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dc.contributor.authorCrosson, Loretta Samuel
dc.date.accessioned2014-03-04T18:58:49Z
dc.date.available2014-03-04T18:58:49Z
dc.date.issued2010-12
dc.identifier.othercrosson_loretta_s_201012_edd
dc.identifier.urihttp://purl.galileo.usg.edu/uga_etd/crosson_loretta_s_201012_edd
dc.identifier.urihttp://hdl.handle.net/10724/26876
dc.description.abstractABSTRACT The purpose of this study was to examine how culture influences the experiences of international West African students enrolled in a two years college degree program. Three research questions guided this study: What cultural factors impact African international students’ educational experience? What strategies do African international students employ to negotiate their educational experiences? In what ways do these strategies help or hinder African international students’ educational experience? A qualitative case study methodology was employed for the research design, and in-depth, semi-structured interviews were chosen for data collection. Ten international students enrolled in degree seeking programs at an urban two year college located in central Georgia were interviewed about their learning experiences. All participants were international, undergraduate students pursuing their Associate degrees who had taken at least four core courses during the past year. An international student is defined as one who was born outside of the United States and for whom English is a second language. The phrases ‘international students’ and ‘foreign students’ will be used interchangeably throughout this study. The interviews were transcribed by the researcher herself, and the data were analyzed using the constant comparative method to generate major themes. Data analysis revealed that the West African students’ felt more or a greater sense of compliance as a result of their respect for their authority and their parental direction/expectations for them to succeed. Their experiences were characterized by the different levels of competitiveness they encountered in terms of economics and access to education. They also exhibited a higher level of anxiety because of inadequate language proficiency, communication skills, and processing/completing course work. The second category of findings delineated the strategies African international students employ to negotiate their educational experiences. African cultural values and school norms greatly influenced these African students’ educational experience. Based on the findings, three conclusions were drawn from this study: The first is that some West African students will experience conflicting messages from their African culture and the newly encountered Western, Eurocentric culture. The second conclusion is that the West African students interviewed clearly evidenced that cultural factors are important in influencing the educational experiences of West African students in American two year colleges. Last, learning for these West African students is a high-risk-taking enterprise that works better when they are made to feel more secure and centered in who they are and what they are already capable of doing before they are asked to take on new ventures.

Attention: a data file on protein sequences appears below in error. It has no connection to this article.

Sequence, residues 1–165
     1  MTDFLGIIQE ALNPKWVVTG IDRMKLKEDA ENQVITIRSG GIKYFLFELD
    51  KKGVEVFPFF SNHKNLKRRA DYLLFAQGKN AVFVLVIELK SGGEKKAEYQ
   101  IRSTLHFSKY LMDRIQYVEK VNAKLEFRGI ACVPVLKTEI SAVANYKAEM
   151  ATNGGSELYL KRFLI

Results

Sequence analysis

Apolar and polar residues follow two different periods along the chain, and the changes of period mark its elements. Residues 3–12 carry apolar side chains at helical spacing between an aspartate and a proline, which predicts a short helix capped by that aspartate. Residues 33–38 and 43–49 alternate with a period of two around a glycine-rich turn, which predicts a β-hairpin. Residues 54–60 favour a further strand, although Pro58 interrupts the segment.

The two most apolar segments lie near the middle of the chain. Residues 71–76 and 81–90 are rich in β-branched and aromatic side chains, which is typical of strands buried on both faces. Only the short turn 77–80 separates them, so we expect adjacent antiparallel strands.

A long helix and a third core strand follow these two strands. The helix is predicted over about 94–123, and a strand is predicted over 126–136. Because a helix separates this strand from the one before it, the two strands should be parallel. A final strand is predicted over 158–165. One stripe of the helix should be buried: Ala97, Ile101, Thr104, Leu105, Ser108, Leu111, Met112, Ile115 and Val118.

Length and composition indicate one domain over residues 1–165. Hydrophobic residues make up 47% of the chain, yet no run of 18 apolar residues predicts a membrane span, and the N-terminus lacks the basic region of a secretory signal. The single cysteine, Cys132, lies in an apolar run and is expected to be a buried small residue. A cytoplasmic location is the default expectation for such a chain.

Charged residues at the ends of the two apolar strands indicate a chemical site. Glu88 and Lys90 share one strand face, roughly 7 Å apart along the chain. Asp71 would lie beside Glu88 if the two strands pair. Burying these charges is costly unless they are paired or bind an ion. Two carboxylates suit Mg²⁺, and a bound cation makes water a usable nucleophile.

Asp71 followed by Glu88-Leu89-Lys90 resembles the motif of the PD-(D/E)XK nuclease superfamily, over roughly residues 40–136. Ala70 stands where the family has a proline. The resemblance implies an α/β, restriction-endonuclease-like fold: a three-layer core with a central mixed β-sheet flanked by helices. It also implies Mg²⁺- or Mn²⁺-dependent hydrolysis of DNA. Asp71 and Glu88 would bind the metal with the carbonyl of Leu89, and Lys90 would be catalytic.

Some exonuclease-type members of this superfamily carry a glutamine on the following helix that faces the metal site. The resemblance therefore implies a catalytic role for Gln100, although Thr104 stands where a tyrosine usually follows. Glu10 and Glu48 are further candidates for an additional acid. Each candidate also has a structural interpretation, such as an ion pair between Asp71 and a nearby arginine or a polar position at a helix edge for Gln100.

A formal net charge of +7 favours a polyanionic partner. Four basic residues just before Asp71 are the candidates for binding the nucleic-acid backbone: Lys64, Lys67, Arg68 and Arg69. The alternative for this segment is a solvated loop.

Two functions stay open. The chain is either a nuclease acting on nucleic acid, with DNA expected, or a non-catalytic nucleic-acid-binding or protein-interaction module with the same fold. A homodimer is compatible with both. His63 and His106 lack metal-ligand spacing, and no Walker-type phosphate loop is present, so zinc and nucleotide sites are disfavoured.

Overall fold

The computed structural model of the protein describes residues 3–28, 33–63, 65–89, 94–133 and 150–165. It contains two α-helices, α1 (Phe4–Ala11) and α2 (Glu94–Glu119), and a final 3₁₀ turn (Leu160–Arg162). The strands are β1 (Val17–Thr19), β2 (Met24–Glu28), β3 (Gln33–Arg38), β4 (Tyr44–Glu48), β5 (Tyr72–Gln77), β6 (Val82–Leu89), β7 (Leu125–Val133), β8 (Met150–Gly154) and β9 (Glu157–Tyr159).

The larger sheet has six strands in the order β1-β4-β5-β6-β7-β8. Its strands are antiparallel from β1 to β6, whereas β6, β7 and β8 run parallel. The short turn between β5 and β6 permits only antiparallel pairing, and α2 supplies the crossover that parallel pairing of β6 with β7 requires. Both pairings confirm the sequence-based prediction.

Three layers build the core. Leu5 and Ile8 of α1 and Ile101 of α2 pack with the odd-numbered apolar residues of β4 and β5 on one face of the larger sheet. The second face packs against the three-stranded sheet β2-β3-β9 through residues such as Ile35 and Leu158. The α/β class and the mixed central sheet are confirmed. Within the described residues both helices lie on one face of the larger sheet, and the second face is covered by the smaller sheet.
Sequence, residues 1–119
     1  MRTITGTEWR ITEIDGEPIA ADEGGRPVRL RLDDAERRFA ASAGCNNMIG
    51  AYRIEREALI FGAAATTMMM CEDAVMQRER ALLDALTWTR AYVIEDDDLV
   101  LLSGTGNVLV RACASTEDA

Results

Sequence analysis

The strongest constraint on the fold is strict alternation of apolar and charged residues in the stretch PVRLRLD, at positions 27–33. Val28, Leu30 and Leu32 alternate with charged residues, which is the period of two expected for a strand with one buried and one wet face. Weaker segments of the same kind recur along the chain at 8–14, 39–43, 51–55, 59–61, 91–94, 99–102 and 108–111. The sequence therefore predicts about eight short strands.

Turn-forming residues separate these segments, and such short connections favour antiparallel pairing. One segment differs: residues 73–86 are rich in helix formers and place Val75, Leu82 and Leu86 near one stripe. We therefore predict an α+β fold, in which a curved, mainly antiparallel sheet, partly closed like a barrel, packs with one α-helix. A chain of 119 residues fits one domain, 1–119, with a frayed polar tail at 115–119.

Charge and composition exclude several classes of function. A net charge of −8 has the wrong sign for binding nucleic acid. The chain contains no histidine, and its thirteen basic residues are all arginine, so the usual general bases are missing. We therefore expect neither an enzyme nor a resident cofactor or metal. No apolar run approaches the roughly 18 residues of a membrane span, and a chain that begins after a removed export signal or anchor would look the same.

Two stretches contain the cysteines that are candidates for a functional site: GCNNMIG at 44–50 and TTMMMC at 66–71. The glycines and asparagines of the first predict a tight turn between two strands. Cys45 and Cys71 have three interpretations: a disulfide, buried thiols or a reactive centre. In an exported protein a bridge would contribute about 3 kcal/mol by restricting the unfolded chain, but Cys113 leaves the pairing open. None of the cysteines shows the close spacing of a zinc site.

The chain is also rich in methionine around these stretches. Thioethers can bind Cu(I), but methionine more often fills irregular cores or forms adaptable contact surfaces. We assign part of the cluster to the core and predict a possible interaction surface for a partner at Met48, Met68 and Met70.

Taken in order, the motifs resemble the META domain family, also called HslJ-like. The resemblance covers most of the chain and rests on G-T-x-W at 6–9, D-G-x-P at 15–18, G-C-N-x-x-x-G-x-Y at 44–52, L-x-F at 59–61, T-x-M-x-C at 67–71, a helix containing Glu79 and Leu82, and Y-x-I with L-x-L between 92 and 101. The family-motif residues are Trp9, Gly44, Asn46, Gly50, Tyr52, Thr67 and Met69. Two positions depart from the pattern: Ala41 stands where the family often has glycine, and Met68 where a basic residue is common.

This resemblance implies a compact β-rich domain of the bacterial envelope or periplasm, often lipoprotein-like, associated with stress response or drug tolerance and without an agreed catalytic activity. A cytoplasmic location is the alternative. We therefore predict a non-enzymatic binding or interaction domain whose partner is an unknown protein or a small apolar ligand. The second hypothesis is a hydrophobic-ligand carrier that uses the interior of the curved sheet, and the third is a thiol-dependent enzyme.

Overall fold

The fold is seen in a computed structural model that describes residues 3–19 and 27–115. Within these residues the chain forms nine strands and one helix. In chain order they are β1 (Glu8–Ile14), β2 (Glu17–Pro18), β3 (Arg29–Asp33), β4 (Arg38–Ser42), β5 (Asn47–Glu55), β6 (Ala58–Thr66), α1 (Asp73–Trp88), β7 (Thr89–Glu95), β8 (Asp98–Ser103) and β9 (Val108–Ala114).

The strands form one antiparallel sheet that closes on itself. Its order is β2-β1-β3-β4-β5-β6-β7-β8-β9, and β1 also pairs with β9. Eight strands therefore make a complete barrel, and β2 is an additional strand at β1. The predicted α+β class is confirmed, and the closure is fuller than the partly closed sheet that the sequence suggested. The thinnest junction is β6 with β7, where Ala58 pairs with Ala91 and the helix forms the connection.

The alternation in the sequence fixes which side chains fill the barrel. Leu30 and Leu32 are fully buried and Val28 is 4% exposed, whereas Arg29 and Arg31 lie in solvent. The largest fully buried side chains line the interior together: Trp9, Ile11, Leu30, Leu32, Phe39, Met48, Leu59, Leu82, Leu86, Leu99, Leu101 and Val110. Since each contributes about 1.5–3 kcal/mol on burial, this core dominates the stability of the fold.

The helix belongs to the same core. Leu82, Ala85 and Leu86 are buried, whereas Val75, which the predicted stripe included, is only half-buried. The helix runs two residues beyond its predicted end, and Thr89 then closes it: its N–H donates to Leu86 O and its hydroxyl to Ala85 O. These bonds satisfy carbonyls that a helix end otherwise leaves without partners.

dc.languageeng
dc.publisheruga
dc.rightspublic
dc.subjectWEST AFRICAN INTERNATIONAL STUDENTS
dc.subjectINTERNATIONAL STUDENTS
dc.subjectCULTURE
dc.subjectCULTURAL VALUES
dc.subjectTWO YEAR COLLEGE
dc.titleHow culture influences the experiences of international West African students enrolled in a two year college degree program
dc.typeDissertation
dc.description.degreeEdD
dc.description.departmentLifelong Education, Administration, and Policy
dc.description.majorAdult Education
dc.description.advisorTalmadge Guy
dc.description.committeeTalmadge Guy
dc.description.committeeDesna Wallin
dc.description.committeeJohn Schell
dc.description.committeeJuanita Johnson-Bailey


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